In the paper, ‘The Role of the Endocannabinoid System in Anxiety and Stress-Related Disorders,’ author Irit Akirav from the University of Haifa says, “The Endocannabinoid System participates in multiple brain circuits implicated in neuropsychiatric conditions, such as those modulating stress reactions, learning, extinction of fear, emotional regulation, and reward processes. Neuroimaging studies have revealed that these structures are indeed active in individuals who smoked cannabis.”
Akirav suggests that in anxiety related conditions such as PTSD, there is poor endocannabinoid signalling and that by moderately increasing this signalling, stress and anxiety decreases.
One way to do this is by introducing what scientists call a ‘CB1 receptor agonist’ – i.e. a chemical that through binding to the receptor produces a biological response. This can be done by increasing the levels of the body’s own CB1 agonist Anandamide, or by introducing something externally, which in cannabis terms would be the cannabinoid THC, as it also activates the CB1 receptor.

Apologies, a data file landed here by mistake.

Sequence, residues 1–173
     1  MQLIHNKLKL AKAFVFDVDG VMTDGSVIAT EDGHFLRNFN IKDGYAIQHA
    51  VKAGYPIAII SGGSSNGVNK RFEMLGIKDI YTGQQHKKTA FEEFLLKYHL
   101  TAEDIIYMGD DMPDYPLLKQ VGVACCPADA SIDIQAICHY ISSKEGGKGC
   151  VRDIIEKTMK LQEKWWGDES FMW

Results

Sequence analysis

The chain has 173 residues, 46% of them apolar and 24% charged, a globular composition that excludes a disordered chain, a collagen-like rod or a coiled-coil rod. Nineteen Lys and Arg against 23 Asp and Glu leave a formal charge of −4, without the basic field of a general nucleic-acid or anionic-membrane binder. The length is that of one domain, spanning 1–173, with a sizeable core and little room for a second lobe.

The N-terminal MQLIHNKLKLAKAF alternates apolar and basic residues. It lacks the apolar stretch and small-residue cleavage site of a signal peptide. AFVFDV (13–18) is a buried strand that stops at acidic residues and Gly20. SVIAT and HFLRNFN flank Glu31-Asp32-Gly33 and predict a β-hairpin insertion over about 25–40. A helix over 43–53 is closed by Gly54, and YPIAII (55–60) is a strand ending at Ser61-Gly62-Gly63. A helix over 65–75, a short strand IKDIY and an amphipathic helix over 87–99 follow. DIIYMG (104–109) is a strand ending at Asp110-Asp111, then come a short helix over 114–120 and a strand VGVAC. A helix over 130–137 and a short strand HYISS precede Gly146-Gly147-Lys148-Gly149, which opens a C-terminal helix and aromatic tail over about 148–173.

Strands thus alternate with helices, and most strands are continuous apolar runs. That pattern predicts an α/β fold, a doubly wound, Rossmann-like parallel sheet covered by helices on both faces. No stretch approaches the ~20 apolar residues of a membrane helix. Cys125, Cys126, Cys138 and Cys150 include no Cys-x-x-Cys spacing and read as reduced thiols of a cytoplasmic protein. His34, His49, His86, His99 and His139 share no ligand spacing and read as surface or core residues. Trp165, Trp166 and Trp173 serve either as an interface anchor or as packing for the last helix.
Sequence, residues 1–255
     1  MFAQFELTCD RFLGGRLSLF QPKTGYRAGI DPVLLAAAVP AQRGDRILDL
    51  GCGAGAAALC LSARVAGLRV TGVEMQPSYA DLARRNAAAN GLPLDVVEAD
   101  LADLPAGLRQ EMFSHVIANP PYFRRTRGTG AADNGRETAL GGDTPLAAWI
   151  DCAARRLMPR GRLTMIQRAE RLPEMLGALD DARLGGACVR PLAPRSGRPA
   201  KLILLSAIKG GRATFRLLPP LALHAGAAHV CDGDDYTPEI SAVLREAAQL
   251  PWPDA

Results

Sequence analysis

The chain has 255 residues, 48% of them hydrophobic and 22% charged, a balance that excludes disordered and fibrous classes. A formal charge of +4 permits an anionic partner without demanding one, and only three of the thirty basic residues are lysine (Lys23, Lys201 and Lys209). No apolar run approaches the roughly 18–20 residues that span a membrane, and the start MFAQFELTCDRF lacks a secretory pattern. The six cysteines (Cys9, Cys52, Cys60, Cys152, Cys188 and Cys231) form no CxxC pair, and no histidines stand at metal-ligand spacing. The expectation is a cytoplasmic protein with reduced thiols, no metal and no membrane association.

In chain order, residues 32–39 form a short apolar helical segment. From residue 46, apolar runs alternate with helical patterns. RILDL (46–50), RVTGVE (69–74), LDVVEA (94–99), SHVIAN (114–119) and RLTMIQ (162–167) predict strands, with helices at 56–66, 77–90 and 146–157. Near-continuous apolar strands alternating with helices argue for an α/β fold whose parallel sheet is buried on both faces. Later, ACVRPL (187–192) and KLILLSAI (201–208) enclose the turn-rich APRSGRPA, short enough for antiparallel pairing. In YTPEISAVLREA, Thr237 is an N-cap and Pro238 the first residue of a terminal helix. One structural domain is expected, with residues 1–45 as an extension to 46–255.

But here the word ‘moderate’ is key. Too much CB1 signalling can have the opposite effect and actually create more anxiety, so in cannabis dosing terms for PTSD, less can indeed be more.
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CBD – important role in reducing PTSD anxiety
For many people taking cannabis for anxiety related conditions, the fact that THC produces a psychoactive effect can be difficult to handle. In the past, only THC heavy strains were available, but in recent years, as more strains containing Cannabidiol (CBD) have come on the market, anecdotal reports from the Veterans’ Alliance for Medical Marijuana suggest that many veterans prefer “a balanced THC to CBD intake for management of PTSD symptoms.”
CBD, the second most abundant cannabinoid found in cannabis doesn’t affect the brain and central nervous in the same way as THC, so without the ‘high’, many people intolerant to THC find it helpful for reducing anxiety. And in strains containing both cannabinoids together, CBD has been shown to actually counteract THC’s psychoactive effect.
Clues to why the two cannabinoids can have such opposing effects can be found in a 2009 study using neuroimaging. Published in the Archives of General Psychiatry, it found that Cannabidiol (CBD) reduced activity in the amygdala – the part of brain that’s activated during anxious episodes – when subjects viewed fearful stimuli. While in contrast THC was found to modulate activation in frontal and parietal areas, associated with an increase in the anxiety response.